Race based admissions in higher education

The Supreme Court is getting ready to hear a case on affirmative action and in reading the story in the NY times this morning I could not help but be a little triggered.  http://www.nytimes.com/2012/10/09/us/supreme-court-to-hear-case-on-affirmative-action.html?src=recg  

Maybe it is because I am black or am I.  My multiracial mix often leads to mass confusion when trying to stereotype me or fit me into a box on a racial category.  My mother is East Indian and my father is African and Chinese.  They were born in Guyana (also confusing, not Ghana in Africa, but Guyana, North of Brazil next to Venezuela and Suriname (they are in South America for those of you who really suck at geography)) http://www.lonelyplanet.com/the-guianas/guyana  I was a boon to college admissions officers looking for diversity. (Actually I wasn't and was rejected by Boston College and University of Washington, and went to my third choice Seattle University)  Interestingly my dark skin is from my mother and my father is rather fair skinned.  So despite my 25% African blood, all the schools wanted me to choose the box "African American" when applying for financial aid and any other program tracking race.  This was back in the days when multi-racial was not a choice and you had to choose one box.  I typically chose Asian or East Indian.

In the end I went to two private schools Seattle University and then Bastyr University for Medical school.  Both are private and not diverse.  Fall of 1998, my freshman year, Initiative 200 http://en.wikipedia.org/wiki/Initiative_200 passed in Washington State banning race based admissions.  As this topic was in the limelight, I felt many eyes watching me in the discussions that followed in the classrooms and halls.  In the end maybe it was a good thing, I felt tremendous pressure to not "get a free ride" and was determined to get top grades so no one would doubt that I belonged there.  I felt like everyone wondered whether I got into the school based on race. 

In 1999 underrepresented minority enrollment plummeted in Washington State.  In response, Jim Senegal and Jeff Brotman (cofounders of Costco) formed the Costco Scholarship Breakfast http://www.costcoscholarshipfund.org/  Many of you know I was the first student speaker and received a full scholarship at Seattle University for my final 2 years.  (I was also a keynote speaker at the 10th annual breakfast).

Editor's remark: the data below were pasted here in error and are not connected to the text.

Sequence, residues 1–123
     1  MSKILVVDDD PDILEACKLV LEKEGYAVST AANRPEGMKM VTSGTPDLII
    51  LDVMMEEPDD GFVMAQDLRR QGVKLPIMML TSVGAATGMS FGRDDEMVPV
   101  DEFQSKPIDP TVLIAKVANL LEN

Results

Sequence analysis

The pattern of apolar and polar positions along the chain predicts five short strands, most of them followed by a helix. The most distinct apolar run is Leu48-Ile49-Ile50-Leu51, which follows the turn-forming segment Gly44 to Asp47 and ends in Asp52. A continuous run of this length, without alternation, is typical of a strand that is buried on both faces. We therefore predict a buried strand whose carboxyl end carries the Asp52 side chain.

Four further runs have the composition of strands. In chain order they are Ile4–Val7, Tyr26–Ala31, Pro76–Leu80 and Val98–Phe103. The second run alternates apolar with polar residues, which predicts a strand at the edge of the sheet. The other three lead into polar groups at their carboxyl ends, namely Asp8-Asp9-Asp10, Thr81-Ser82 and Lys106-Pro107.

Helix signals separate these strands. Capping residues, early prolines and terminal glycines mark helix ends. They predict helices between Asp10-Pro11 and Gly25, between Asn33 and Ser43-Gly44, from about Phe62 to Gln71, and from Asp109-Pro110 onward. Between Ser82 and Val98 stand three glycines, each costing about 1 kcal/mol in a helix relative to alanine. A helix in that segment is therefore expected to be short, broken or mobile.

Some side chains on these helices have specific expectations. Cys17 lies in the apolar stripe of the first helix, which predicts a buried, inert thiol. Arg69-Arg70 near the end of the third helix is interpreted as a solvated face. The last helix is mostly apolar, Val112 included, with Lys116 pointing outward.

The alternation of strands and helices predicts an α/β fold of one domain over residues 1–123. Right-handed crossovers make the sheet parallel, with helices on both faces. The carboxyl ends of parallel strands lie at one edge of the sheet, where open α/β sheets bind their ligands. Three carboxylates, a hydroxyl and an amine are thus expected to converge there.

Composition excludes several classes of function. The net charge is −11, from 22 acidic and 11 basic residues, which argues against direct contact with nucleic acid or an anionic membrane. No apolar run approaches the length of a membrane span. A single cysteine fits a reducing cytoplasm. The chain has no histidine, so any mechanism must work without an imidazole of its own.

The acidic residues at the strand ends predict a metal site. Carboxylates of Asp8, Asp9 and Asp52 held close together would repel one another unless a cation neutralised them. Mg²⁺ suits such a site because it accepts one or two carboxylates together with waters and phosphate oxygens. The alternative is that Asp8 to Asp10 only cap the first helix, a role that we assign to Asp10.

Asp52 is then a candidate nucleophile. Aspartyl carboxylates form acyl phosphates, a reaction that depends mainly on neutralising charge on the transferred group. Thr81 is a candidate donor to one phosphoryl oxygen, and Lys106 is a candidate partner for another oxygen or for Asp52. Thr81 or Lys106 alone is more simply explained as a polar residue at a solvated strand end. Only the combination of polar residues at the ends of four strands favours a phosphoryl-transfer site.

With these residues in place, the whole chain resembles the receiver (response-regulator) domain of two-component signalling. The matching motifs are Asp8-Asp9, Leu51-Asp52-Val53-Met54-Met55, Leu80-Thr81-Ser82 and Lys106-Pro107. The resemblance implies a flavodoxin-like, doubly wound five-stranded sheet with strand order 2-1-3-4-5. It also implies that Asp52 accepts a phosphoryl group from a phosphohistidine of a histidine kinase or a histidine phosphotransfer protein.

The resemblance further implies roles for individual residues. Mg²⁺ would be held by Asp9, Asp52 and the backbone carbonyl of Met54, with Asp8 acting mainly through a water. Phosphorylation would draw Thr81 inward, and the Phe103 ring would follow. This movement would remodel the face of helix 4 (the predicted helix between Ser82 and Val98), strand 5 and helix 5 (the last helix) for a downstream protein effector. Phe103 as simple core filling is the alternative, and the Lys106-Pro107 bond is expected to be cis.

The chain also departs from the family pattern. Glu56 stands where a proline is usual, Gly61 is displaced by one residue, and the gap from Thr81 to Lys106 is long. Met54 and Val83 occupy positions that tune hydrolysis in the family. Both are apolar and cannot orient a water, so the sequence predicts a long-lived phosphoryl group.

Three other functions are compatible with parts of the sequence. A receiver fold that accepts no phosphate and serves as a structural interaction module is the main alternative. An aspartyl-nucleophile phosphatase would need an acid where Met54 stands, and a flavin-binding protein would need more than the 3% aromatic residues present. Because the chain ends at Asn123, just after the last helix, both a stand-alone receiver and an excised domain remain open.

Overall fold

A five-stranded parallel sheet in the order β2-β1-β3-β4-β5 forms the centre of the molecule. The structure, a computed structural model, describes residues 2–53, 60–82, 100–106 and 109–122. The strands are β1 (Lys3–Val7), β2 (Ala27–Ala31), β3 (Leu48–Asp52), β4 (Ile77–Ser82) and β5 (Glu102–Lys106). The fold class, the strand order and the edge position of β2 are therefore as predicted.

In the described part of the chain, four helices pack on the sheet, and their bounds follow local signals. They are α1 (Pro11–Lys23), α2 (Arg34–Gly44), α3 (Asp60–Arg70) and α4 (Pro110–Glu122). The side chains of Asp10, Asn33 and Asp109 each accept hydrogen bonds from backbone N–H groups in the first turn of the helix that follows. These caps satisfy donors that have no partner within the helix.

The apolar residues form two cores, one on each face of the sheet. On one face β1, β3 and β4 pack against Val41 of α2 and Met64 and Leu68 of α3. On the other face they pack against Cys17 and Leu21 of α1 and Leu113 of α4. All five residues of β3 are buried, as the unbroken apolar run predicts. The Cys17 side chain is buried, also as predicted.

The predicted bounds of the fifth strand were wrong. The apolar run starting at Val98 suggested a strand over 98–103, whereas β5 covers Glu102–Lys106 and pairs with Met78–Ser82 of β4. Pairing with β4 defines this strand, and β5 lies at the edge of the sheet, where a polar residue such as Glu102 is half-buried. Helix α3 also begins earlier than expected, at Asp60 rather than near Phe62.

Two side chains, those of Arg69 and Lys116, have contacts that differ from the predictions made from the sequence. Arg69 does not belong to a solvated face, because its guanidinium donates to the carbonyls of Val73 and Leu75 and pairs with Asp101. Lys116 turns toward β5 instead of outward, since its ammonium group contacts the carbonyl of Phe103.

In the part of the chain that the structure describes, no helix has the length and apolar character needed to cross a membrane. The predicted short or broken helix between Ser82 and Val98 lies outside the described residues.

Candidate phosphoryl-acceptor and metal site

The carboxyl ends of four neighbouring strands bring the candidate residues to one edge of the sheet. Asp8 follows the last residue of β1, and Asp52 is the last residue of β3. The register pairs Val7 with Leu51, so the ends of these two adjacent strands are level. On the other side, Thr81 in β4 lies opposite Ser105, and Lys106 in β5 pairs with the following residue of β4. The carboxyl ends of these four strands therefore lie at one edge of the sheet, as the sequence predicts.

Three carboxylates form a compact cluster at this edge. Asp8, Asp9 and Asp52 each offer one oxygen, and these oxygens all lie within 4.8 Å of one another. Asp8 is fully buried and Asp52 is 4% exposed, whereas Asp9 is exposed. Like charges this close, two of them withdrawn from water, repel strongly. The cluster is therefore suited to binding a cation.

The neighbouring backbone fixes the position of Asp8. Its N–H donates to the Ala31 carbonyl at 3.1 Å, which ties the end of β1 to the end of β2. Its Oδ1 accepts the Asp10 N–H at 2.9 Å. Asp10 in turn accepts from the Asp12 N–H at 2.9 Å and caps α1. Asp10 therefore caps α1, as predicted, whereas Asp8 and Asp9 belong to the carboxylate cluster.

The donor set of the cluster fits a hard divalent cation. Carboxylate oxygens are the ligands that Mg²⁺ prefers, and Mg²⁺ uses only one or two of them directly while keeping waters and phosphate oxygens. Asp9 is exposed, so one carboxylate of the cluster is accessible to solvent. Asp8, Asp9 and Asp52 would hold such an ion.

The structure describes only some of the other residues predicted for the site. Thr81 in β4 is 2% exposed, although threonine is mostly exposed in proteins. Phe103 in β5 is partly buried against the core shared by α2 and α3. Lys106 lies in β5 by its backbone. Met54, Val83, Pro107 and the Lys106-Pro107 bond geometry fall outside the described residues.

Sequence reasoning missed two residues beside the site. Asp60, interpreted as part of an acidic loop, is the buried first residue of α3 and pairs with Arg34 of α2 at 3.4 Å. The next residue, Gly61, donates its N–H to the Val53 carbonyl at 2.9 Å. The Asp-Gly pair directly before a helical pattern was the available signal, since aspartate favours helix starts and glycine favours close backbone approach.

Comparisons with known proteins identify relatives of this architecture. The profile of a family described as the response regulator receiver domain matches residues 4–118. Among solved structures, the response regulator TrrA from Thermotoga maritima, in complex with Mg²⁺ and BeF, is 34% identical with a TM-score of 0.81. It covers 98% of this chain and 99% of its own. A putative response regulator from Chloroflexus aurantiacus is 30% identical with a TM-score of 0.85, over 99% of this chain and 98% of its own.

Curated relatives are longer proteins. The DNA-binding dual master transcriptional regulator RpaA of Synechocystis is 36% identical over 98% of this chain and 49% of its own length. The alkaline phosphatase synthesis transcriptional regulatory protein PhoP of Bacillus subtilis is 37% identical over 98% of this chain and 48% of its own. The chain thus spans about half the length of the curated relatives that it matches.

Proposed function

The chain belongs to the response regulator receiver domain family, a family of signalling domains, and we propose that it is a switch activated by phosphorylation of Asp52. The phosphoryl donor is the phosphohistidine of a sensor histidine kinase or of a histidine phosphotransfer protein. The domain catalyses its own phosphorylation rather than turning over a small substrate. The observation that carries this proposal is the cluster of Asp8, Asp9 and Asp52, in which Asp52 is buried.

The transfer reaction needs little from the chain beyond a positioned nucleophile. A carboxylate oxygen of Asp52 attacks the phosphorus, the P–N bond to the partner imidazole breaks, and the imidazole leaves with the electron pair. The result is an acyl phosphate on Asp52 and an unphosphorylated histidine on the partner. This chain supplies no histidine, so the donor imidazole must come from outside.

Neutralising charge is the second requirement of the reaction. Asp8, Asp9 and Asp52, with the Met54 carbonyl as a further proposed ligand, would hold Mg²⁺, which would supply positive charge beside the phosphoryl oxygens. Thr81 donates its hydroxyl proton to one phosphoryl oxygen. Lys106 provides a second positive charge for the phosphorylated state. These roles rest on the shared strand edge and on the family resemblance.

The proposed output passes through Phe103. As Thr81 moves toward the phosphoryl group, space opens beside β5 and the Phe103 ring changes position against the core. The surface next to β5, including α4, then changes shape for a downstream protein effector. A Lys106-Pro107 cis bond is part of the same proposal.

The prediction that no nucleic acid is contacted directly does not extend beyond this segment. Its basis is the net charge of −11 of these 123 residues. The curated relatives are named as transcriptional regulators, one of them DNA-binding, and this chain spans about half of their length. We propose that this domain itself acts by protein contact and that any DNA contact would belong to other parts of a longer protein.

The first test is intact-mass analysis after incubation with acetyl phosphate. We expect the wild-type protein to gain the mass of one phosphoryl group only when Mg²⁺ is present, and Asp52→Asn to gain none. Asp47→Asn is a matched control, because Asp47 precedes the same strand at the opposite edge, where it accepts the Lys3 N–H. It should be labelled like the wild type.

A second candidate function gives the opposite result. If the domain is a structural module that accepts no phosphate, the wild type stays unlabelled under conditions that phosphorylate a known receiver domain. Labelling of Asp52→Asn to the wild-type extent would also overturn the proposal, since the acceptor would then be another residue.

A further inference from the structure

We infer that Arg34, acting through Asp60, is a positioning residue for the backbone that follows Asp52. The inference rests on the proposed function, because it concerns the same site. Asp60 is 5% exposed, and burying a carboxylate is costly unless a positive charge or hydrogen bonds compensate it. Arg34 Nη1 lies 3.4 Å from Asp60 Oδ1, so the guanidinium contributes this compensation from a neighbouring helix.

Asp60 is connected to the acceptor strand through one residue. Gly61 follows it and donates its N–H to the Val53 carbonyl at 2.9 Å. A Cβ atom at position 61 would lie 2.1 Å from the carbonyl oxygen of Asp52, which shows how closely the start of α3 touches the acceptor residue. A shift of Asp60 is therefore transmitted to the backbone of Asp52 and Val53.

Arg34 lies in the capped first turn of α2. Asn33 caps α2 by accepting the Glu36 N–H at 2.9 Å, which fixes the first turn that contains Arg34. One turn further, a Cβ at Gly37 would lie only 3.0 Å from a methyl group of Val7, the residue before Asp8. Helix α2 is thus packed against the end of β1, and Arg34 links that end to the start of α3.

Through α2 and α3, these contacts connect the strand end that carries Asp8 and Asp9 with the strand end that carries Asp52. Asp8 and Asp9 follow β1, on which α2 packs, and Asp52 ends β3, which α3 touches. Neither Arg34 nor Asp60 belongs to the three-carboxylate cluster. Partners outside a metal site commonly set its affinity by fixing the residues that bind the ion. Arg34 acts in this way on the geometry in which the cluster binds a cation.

In between the lines of these stories and many other cases involving affirmative action is really economics.  Many people of color (including myself) cannot afford higher education and wonder whether the loan/debt system is worth the risk.  My reaction to signing my first loan papers at Seattle University was "Oh I remember this... Indentured Servitude, I get to go to school and in repayment I get to work for the banks for 10-30 years"  This is the story of my East Indian heritage in Guyana, only in the end we did not get the land we were promised.  Higher education for many of us has not proven to be the economic boon or the escape from a life of poverty for many of us.  Arguably, I am poorer now due to the debt.  When comparing my debt to other class mates and friends, I typically have 2-3 to 10 times more school debt (and way less credit card debt, but that is another blog).

I particularly think the case Regents of the University of California v Bakke  in 1978 is an interesting one http://en.wikipedia.org/wiki/Regents_of_the_University_of_California_v._Bakke This is where a 33 yr old white male was not admitted to University of California at Davis medical school.  He sued and the case went to the Supreme Court, striking down the race quota system there in a 5-4 decision.  It is interesting to note at least with respect to Medical school, if admissions were based on merit alone (GPA and MCAT scores) then the bulk of the doctors would be Asian and East Indian with a handful of white students, as these groups traditionally have the highest GPA and MCAT scores.

I am not going to comment much on this case as I don't know what the reality of the situation is at the University of Texas.  However, I do think her contention that she has been harmed by job discrimination as a result of graduating from Louisiana State University is laughable...  She should see the kind of job discrimination I have experienced (or any other person of color).  She is working in Austin and in the field of her choice.

Clearly these cases if anything reflect the economic divide between minorities and majorities (my new word!), as well as the continued legacy of slavery, the ongoing destruction of native peoples.  I truely hope we do get to a place where race is no longer used or even thought about in admissions to anything, but until then we will all have to keep talking about these tough topics and heal.